Now, marking his first broadcast concert in nearly 30 years, Veeps has partnered with Bob Dylan to present an exclusive performance set to air July 18 at 2 p.m. PT. The livestream experience, "Shadow Kingdom," will highlight the acclaimed artist’s extensive collection of music while also showcasing his decade-spanning influence.
Veeps co-founder Joel Madden said of the event, “The influence of Bob Dylan’s music reaches out into every corner of the modern musical landscape and is an undeniable piece of our history. It’s safe to say it’s made its way into all of musical DNA. Traces of it can be found everywhere we look and in everything we hear. His forthcoming Veeps show is a huge moment for our platform to celebrate an artist we all admire and respect greatly.”
Tickets for the event are currently available here or at bobdylan.veeps.com for $25. Following the performance, the footage will remain available for 48 hours. In anticipation of what will surely mark the year’s most impactful live experience, here are 11 of the most notable punks, alt-rockers, and indie-ites inspired by Bob Dylan.
[Photo by: William Claxton][/caption]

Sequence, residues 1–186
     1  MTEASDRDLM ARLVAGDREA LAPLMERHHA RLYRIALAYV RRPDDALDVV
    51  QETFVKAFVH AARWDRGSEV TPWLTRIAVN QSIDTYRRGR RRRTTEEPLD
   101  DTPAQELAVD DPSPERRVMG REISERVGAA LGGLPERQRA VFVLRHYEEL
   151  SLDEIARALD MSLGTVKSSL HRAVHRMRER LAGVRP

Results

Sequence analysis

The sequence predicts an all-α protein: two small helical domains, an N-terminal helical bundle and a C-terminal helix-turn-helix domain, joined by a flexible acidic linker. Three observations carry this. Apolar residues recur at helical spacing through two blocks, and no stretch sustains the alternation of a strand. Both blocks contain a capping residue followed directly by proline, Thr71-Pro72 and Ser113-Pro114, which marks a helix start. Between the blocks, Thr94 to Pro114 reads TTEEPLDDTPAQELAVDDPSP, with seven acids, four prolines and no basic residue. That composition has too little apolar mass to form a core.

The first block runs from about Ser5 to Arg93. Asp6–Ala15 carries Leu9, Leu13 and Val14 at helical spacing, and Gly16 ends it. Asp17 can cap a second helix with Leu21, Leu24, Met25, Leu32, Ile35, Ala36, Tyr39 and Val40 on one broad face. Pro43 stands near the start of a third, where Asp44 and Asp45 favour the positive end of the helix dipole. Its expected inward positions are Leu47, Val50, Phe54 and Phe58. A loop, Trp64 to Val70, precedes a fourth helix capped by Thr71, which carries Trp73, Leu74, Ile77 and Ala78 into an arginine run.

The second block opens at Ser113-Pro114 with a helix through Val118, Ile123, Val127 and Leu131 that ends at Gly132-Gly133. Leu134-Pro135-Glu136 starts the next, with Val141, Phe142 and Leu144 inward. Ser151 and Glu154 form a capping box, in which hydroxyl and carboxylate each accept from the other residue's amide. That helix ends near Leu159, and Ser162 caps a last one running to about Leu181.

CBGB’s first poet laureate Patti Smith substantially owes the original rockin’ poet of the New York streets. Her “Rimbaud’s in the basement, mixin’ up the medicine” schtick is 100 proof Dylan, to the point where the great man himself enjoyed her 1975 Other End gig, requesting a backstage audience after. Any doubters should audit the majestic elevation of his “Changing Of The Guards,” on Smith’s 2007 covers album, Twelve. What struck many as self-parody on 1978’s Street Legal album became minor-key beauty in her hands, the lyrics wistfully rendering in her quavering alto over a wall of acoustic guitars and dynamic drums.
“Make You Feel My Love” first appeared on Dylan’s career-resetting Time Out Of Mind. An elegiac torch song dominated by his ravaged vocal, it’s been performed by over 450 artists—everyone from Garth Brooks to Michael Bolton. British pop-soul singer Adele now owns the song with the rendition she cut for her 2008 debut album, 19. Initially resistant to her Dylan-fan manager’s insistence that she try her hand at it, she didn’t want anyone thinking her incapable of writing enough material for her first album. She relented, offering a piano-and-voice take that’s placed twice in the U.K. charts, years apart.
View D.A. Pennebaker’s 1966 footage of an angry and wired Dylan confronting an unsympathetic British audience with 110 dBs of “Like A Rolling Stone.” Now play it back to back with 1978 Richard Hell bobbing and weaving like a jagged, exposed nerve onstage at CBGB, yelping “Love Comes In Spurts.” Dylan invented Hell. Not that he’d admit it at his trajectory’s dawn: Dylan experienced a creative nadir that led the younger performer to reject his elder as yet another ’60s burnout. Yet, he found something engaging in the charred husk of 1974’s “Going, Going, Gone” to attach a funereal rendition to 1982’s Destiny Street.